Seniors across the state gathered last week and this week to celebrate 47 years of Medicare. We built our Medicare system because it is by far the best way to provide America’s seniors and people with disabilities with affordable health care they can count on. For nearly half a century, Medicare has given seniors and people with disabilities access to critical health care. It protects beneficiaries and their families against health-related expenditures that might otherwise overwhelm their finances—or worse, force them to forego medical treatment needed to survive.
Private health insurance companies, which must generate returns for their shareholders, were not—and are not—willing or able to insure seniors and people with disabilities at affordable rates. That is because seniors and people with disabilities have greater medical needs and thus are more costly than the young and healthy.
Prior to Medicare, only about half of seniors had health insurance. Those who were insured paid nearly three times as much as younger people, even though they had, on average, only half as much income.
Without Medicare, many people would not be able to afford basic medical services. edicare beneficiaries are mainly people of modest means. Half had incomes below 22,000 a year in 2010. Already more than one-quarter of many beneficiaries’ Social Security benefit is eaten up by out-of-pocket health care costs.
In 1935, when President Franklin D. Roosevelt signed the Social Security Act into law he called it a cornerstone, the foundation of a structure to be maintained and built upon by and for future generations. Social Security could not protect all Americans against every risk, but, as the President said, it could lessen the consequences of lost earnings in old age for workers and their families.
Since then, we have built our Social Security structure carefully and deliberately. In 1939, we added Survivors Insurance benefits for widows and dependent children, ventually extending it to widowers as well. Disability Insurance benefits were added in 1956, followed by Medicare and Medicaid in 1965. The automatic cost-of-living adjustment (COLA) was added in 1972, designed to maintain the purchasing power of benefits no matter how long someone lives.
We built, maintained and strengthened these institutions for a reason: to enable working men and women to protect themselves and their families. We built them because we, as a nation, value hard work, personal responsibility, and human dignity; we care for our parents, our children, our spouses, our neighbors and ourselves.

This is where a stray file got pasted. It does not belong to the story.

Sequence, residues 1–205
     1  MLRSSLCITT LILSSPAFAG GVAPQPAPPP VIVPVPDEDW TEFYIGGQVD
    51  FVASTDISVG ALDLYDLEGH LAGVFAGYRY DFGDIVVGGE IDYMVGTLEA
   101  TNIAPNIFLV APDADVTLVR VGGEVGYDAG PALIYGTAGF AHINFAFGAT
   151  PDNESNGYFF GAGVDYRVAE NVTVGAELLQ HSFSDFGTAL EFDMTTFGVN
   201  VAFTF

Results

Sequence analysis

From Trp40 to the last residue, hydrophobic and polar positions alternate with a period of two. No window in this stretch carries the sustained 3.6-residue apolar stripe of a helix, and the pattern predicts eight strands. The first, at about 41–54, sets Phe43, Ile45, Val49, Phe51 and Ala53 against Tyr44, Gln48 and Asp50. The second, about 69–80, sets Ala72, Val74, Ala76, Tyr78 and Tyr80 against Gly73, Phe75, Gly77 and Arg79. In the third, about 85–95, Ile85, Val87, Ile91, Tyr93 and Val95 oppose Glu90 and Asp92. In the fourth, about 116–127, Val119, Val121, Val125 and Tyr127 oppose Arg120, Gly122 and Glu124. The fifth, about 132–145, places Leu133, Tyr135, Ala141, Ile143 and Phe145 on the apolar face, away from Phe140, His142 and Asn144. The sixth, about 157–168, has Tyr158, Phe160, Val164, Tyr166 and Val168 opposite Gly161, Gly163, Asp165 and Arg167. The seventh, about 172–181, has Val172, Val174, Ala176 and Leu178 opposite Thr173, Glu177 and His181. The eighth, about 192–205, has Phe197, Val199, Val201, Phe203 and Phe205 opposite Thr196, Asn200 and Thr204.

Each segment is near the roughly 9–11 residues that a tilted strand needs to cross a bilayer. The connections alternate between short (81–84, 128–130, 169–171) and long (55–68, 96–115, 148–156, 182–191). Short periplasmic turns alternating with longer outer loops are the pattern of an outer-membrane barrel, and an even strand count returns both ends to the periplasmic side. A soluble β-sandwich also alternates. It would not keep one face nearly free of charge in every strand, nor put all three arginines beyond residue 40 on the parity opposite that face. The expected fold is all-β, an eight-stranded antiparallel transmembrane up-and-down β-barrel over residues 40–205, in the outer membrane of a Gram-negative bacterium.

This report reveals the success of these institutions for Arizona and the nation. The numbers tell part of the story: how many people receive benefits in Arizona, in its congressional districts and its counties; how many dollars flow into these jurisdictions in a year; the types of benefits and the types of people who receive benefits. Perhaps more importantly, the report presents the stories of hardworking Arizonans and their families whose lives are immeasurably better because of the protections they have earned.
Medicare Works for Arizona’s Economy
• Medicare provided $8.5 billion in benefits in 2009—23.6 percent of all health care spending in the state. The average expenditure per Medicare beneficiary was $9,567.69
Medicare Works for Arizona Residents
• Medicare insured 883,385 Arizonans in 2009— 1 out of 7 (13.4 percent) state residents.
Medicare Works for Arizona’s Seniors
• 755,234 of Arizona’s 883,385 Medicare beneficiaries were aged 65 or older in 2009—
nearly 9 out of 10 (85.5 percent) beneficiaries.
Medicare Works for Arizona’s People with Disabilities
• 134,720 of Arizona’s 883,385 Medicare beneficiaries were people with disabilities in
2009—1 out of 7 (15.3 percent) beneficiaries.
Medicare Works for Arizona’s Residents with End-Stage-Renal Disease (ESRD)
• End-stage-renal disease (ESRD) occurs when a person’s kidneys stop functioning at a level needed for everyday life. People suffering from ESRD generally must undergo dialysis treatment or receive a kidney transplant, which are both prohibitively expensive.
Medicare Works for Arizona’s Residents with Amyotrophic Lateral Sclerosis (ALS)
• Amyotrophic Lateral Sclerosis, more commonly known as ALS, or Lou Gehrig’s disease, is a nervous system disease that gradually shuts down all muscles in a person’s body, eventually resulting in death from respiratory failure. Many Arizona residents with ALS would impoverish themselves or their families without the help of